A Royal Tint
It was a trip down memory lane for many in the chiffon-and-pearl set at the inauguration of the exhibition of the recently-discovered princely portraits from Bond Street’s famous Lafayette Studio, currently showing at Delhi’s British Council. There was Maharani Gayatri Devi, gazing at her grandparents, and at the handsome young Maharajah of Cooch Behar who eloped with her mother, the Princess of Gaekwad, much to her father’s displeasure. And the Rani of Mikha peering at the full-length portrait of her mother, the Rani of Mandi. "I’ve never seen this picture of hers before," she mused, as she gazed at the tall elegant figure who had left the palace to live in Paris when her daughter was only four years old. "The Rani’s conspicuous lack of jewels is in stark contrast to her father (Maharaja Jagatjit Singh of Kapurthala) who spent up to a quarter of his revenue annually buying swags of pearls and emeralds for himself," says Russell Harris, curator of this exhibition. Taken at the height of princely passion for all things English, these early 1900 portraits from the Lafayette Studio, famous for its studio portraits of court debutants and visiting royalty, reveal another royal passion: for fabulous gems and medallions...
A Studio-US Turn
J.J. Valaya, we are told, is in expansion mode. And no, it has nothing whatsoever to do with his weight. The trousseau specialist launched his flagship Studio Valaya store in Delhi last week. Another two stores will be opened in Mumbai by month-end. Studio Valaya is the diffusion label from The House of Valaya much as Emporio Armani is the middle- to high-end product from the more niche, high-value range of Giorgio Armani. While the JJ Valaya label is one of the leading statements in couture collections, Studio Valaya epitomises the simpler, more wearable and accessible look of the diffusion market. "It evolves the same trends into a watered-down, cleaner and more affordable look," says Valaya. But both labels have one thing in common—they cater to the confident, sophisticated woman and man who believe in timeless yet contemporary elegance. Do you count yourself among them?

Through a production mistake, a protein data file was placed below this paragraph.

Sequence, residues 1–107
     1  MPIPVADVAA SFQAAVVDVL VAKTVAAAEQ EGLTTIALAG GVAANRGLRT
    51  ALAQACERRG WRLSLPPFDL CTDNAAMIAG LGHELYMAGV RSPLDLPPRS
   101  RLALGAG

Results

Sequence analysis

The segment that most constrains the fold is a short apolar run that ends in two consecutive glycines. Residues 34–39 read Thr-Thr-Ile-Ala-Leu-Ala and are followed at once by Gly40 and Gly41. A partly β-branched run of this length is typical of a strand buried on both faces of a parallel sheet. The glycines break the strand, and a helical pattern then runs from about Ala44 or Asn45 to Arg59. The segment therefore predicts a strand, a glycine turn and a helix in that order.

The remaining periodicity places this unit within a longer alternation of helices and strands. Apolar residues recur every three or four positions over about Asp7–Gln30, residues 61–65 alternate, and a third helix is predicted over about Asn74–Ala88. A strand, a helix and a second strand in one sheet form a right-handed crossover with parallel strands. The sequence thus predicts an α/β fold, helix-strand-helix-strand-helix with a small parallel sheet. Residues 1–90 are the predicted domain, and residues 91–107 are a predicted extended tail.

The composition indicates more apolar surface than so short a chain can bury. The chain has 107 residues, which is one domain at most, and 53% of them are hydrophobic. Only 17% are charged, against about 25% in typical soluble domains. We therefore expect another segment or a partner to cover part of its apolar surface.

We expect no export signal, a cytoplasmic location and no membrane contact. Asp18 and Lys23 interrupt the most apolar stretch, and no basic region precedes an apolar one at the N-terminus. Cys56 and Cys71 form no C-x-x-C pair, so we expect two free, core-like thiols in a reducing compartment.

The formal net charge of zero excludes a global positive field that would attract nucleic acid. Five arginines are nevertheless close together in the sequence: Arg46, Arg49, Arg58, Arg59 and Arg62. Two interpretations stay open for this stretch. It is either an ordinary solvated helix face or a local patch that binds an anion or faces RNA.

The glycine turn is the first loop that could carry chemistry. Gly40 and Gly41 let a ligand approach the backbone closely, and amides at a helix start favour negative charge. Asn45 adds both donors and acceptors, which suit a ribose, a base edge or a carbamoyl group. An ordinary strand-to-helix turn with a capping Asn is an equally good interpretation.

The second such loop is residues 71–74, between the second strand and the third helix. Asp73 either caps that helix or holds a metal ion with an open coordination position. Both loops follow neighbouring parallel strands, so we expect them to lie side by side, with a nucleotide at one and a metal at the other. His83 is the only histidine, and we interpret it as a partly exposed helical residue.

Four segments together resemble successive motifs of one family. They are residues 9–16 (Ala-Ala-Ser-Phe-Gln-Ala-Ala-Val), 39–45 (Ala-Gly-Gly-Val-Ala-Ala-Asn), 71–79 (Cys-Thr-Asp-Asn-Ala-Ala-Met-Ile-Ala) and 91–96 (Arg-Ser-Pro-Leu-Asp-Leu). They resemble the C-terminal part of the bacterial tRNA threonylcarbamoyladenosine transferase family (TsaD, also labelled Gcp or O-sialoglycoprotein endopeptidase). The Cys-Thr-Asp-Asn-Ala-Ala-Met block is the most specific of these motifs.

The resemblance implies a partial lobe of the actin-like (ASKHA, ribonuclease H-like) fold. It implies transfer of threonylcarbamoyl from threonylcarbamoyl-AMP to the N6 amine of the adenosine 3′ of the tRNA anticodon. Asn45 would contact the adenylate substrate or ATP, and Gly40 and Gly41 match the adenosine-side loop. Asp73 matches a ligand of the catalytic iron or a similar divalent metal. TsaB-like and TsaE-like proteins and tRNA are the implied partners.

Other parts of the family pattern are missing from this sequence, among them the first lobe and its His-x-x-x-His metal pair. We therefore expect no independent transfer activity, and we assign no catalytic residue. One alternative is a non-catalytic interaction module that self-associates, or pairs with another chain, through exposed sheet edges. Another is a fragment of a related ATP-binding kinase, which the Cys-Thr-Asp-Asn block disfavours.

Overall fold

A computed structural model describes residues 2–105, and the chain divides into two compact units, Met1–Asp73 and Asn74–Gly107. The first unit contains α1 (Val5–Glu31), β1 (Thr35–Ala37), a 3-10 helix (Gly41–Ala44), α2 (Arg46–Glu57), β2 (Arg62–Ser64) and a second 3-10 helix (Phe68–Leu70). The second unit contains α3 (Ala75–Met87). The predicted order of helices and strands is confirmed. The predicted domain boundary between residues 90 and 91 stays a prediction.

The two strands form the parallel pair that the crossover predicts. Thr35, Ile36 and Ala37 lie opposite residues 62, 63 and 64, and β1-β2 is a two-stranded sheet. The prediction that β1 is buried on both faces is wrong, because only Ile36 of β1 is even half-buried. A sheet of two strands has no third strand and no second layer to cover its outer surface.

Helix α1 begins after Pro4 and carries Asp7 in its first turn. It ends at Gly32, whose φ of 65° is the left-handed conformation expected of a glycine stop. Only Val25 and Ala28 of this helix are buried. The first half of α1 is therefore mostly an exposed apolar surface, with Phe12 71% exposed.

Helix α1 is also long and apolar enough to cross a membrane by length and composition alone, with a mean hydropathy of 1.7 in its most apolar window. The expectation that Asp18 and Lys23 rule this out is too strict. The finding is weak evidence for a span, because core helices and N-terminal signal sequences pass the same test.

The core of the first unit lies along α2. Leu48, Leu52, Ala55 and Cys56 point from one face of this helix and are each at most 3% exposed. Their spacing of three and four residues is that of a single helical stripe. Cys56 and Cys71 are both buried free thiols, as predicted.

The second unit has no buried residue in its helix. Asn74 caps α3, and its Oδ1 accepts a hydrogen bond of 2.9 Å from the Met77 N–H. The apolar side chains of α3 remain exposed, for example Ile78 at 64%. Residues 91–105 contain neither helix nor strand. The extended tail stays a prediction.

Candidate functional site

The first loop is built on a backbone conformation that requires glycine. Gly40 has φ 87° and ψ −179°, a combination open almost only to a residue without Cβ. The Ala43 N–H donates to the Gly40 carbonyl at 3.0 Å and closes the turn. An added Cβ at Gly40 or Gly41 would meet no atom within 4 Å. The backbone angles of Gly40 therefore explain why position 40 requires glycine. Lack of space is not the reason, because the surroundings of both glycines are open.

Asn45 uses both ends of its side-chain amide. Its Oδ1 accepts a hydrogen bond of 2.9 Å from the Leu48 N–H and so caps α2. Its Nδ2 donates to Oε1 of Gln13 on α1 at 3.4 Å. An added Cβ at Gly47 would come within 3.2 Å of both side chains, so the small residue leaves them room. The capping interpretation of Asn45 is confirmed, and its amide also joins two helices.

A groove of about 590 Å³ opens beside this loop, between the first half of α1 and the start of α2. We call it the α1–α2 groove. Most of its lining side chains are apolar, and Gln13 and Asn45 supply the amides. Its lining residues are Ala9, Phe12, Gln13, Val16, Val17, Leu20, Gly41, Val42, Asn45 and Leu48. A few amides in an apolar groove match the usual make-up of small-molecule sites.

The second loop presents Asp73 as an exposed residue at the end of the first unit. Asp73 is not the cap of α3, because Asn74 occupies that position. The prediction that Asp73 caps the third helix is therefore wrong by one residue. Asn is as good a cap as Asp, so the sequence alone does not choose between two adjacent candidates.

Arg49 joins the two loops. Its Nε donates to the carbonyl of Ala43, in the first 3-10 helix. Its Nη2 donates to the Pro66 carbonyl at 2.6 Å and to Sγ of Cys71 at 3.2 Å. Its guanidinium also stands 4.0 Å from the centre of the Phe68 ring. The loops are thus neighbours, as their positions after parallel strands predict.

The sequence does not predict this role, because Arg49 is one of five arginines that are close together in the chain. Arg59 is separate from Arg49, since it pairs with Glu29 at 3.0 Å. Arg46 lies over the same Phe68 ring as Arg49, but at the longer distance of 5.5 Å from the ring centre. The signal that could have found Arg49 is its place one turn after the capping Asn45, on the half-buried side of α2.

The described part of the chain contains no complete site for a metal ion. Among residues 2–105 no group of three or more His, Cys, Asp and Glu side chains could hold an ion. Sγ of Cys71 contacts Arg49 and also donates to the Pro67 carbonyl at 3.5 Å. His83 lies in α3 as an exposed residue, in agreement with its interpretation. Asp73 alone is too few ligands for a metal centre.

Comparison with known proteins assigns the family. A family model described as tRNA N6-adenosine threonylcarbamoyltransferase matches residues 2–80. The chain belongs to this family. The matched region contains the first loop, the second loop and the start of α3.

Mix ‘N’ Match
Saffron, olive and plum in wood, steel and stone; Indian technique and crafts on western frames; a marriage of the classic and the contemporary. That in sum is Raseel Gujral and Naveen Ansal’s Casa Paradox 2002 furniture and home accessories line which includes sofas, tables, chairs, lamps, cushions and even candles. "Our emphasis is more on creating a mood than just a piece of furniture," says Ansal. "They are stand-alone pieces but speak one story," claims Gujral. And prices? Rs 500-Rs 80,000.
A Kapil Of Things
Kapil Dev can give a lesson to our politicians on the art of going on about nothing. When the former all-rounder promised a dhamaka last Tuesday, Delhi scribes lay siege at the Taj Palace but the Haryana Hurricane was as revealing as a Bollywood ingenue". I promise to give every story of my life to this young man," he said, pointing towards Anurag Kashyap, the director of a one-year film project called Kapil Dev: The True Story.In his perfectly confusing English, he announced he was ready to clear his name from "what everyone knows happened". Still, he’d like the film to be about the 90 per cent good that’s happened to him rather than the 10 per cent bad. "Life is beautiful," and "Prabhakar was a friend," were his most quotable quotes. We could almost see a halo!
The Cutting Edge
Shabana Azmi wasn’t rude enough for Star TV. Not when compared to Neena Gupta who has been chosen to anchor the Indian version of bbc’s The Weakest Link that has an acerbic hostess using expressions like "pathetic" and "stupid" to describe some guests. The guests however don’t mind, since the prize on offer at the quiz show is up to Rs 25 lakh. Neena doesn’t believe she is "rude", perhaps just a bit "no nonsense". And that is not the only reason why she was chosen above others. "I’ve heard that Shabana, Rekha and Sushmita Sen were other possible anchors. But I don’t think I was chosen because I could be rude. I am an MPhil in Sanskrit. I think in Hindi. I have a command over the language and if I may say so, I am beautiful too." And though she will not reveal exactly how much she is paid for all these virtues, "the money is good", the lady says.
Singing All The Way To The
Hindi films weren’t exactly crackling this Diwali but Karan Johar still found reason to smile. His commercial on Indian family values, Kabhi Khushi Kabhie Gham, which comes with the ‘new’ message "love your parents", is already raking in money through its music. Says an official from Sony: "The album which was launched on October 16 has already crossed a milestone figure of over 25 lakh units in a record 30 days." If it’s true, it could be by far the fastest 25-lakh sale in the history of Hindi film music. And you can thank Jatin Lalit and Sandesh Shandilya for the music.
Trash Of The Fortnight : Kya
Masti Kya Dhoom
Another show which began with a lot of promise but is now fast becoming less and less watchable. The concept itself is an old one, so that KMKD emerges as nothing better than the other seen-it-before show on Sony, Boogie Woogie.On KMKD too, precocious kids perform a filmi dance routine, their childish bodi es gyrating to adult moves. Hostess Sonali Bendre is a welcome relief but while she has the right looks, she lacks the punch and panache necessary to turn you into a show loyalist. Her guest list earlier boasted of stars like Aamir Khan but has now been reduced to names like Jaspinder Narula and Shaan. And then they have an Aftab Shivdasani to judge the moves and grooves when he himself is no great mover. It only helps that the participants aren’t outstandingly talented. Nothing more than a small-time, neighbourhood song’n’dance function.